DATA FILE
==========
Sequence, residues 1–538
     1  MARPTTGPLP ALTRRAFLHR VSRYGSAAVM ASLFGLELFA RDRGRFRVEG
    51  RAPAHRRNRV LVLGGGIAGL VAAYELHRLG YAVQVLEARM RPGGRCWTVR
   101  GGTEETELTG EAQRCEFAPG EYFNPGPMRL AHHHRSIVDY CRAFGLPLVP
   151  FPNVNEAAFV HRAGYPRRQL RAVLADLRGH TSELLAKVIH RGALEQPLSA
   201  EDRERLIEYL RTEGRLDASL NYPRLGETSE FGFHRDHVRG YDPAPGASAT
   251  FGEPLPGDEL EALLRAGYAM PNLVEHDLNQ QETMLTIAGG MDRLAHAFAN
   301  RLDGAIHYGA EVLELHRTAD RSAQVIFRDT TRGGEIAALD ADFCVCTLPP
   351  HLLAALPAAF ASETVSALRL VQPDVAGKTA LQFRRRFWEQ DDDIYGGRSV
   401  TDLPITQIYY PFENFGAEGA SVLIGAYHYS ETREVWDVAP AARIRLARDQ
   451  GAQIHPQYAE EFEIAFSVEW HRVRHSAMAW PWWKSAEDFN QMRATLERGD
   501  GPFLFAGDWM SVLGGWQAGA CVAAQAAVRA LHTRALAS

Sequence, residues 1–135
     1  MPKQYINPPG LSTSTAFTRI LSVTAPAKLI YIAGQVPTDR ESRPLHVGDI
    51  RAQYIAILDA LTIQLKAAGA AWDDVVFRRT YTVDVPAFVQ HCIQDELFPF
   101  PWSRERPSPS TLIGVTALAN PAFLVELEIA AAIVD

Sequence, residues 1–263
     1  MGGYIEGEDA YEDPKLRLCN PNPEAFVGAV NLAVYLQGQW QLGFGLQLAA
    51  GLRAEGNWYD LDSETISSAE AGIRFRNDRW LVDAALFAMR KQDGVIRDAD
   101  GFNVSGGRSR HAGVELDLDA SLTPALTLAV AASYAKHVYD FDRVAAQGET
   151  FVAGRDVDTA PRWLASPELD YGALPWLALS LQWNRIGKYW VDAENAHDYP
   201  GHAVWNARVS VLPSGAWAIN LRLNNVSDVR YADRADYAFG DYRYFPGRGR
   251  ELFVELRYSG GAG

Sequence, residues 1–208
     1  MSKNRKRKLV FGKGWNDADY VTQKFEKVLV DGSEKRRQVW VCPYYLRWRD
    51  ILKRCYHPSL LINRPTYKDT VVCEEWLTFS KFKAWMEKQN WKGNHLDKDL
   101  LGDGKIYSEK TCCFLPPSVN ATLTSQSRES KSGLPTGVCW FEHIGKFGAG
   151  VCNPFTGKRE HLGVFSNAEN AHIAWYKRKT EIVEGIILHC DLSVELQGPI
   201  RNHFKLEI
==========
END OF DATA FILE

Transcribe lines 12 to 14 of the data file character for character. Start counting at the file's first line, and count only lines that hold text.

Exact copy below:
   501  GPFLFAGDWM SVLGGWQAGA CVAAQAAVRA LHTRALAS

Sequence, residues 1–135
     1  MPKQYINPPG LSTSTAFTRI LSVTAPAKLI YIAGQVPTDR ESRPLHVGDI